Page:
Recent scandals over the years relating to human rights infringements in the supply chain for a number of brands have led to a renewed interest from the public.
The progress has been getting longer and more complicated as some chains span the globe. While most HR professional will be aware of the issue, others do not have access to round the clock employment law advice. HR teams are now trying to explore exactly what role they should play to ensure all workers rights (and human rights as a whole) are being met.
This article explores the role of HR teams in the supply chain and how they can contribute to improving workers’ conditions.
Research shows that adequate human resource management has a direct impact on the supply chain. This in-turn impacts consumer satisfaction, organisational performance and other ethical concerns.
The modern slavery act put into law in 2015 required firms based in the UK and with an annual turnover of £36 million to release information pertaining to forced labour. The legislation requires them to show that they’re taking steps to ensure that their business doesn’t practice forced or slave labour in their supply chain.
Other elements of the act include:
- Consolidating existing human rights offences into one single act.
- Creating anti-slavery commissioner to better respond to issues relating to modern slavery.
- Making provisions for independent child trafficking advocates.
- Introducing a defence for victims of slavery and trafficking.
Ensuring worker rights along the supply chain
Since the introduction of the Modern Slavery Act (2015), HR professionals often roll human rights into their employment rights process. While this addresses some issues, it also overlooks non-employment related human rights issues.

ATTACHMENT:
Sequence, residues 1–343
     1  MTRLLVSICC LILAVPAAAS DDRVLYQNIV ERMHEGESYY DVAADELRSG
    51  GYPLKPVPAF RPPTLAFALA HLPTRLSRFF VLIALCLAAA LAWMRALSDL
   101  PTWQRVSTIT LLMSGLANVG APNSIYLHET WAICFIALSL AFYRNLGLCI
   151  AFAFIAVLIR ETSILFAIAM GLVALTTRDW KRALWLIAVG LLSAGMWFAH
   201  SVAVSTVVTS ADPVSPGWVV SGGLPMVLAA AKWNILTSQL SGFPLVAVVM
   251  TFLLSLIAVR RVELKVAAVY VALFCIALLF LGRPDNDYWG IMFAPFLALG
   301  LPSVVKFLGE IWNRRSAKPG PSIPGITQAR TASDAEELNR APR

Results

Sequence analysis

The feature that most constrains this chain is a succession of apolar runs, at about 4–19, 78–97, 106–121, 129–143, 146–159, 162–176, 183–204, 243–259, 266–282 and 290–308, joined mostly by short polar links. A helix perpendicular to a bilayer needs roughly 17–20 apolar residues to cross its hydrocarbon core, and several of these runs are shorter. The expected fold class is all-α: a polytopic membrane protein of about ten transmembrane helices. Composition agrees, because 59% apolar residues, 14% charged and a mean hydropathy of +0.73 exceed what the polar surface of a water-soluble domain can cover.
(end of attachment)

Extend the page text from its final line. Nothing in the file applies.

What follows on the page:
HR departments have now found themselves responsible for identifying and addressing other issues relating to other human rights such as education, education and indigenous rights.
It’s important to remember that your company’s HR practices should be aligned with your supply chain management. The aim of this is to
- Foster the involvement of the members of the supply chain.
- Promote the integration of the supply chain.
- Ensure better business outcomes.
Eight steps to effective human rights due diligence
- Conducting human rights assessment, primary and secondary research, gap analysis and more to identify human rights issues that need to be addressed.
- Identify risks to human rights and to rights-holders.
- Prioritisation of common human rights issues.
- Develop an action plan based on risks identified in the assessment.
- Work together with other departments to ensure cross-functionality.
- Considerations for human rights when creating internal compliance mechanisms.
- Provide employees with adequate training.
- Ensure that there’s an effective grievance procedure in place to handle complaints.
In conclusion, HR teams should have an active role in ensuring that their company’s adhering to the legislation around workers rights in the supply chain. Not only to avoid the costs associated with legal claims relating to human rights abuse. But also because the better people are managed within an organisation with supply chain relationships, the better the supply chain functions will be.
Whilst this article focuses on supply chain, it’s important to take the conditions of your workers serious across your entire business, regardless of your size. So whether it’s sales & business development staff, account managers, procurement, merchandising, customer services or buying, it’s important to make sure your employees have a positive working environment.
And when we say ‘environment’ we don’t just mean the office, for field sales staff, this would apply to their conditions for working from home, or the company vehicles they have to use for business purposes.
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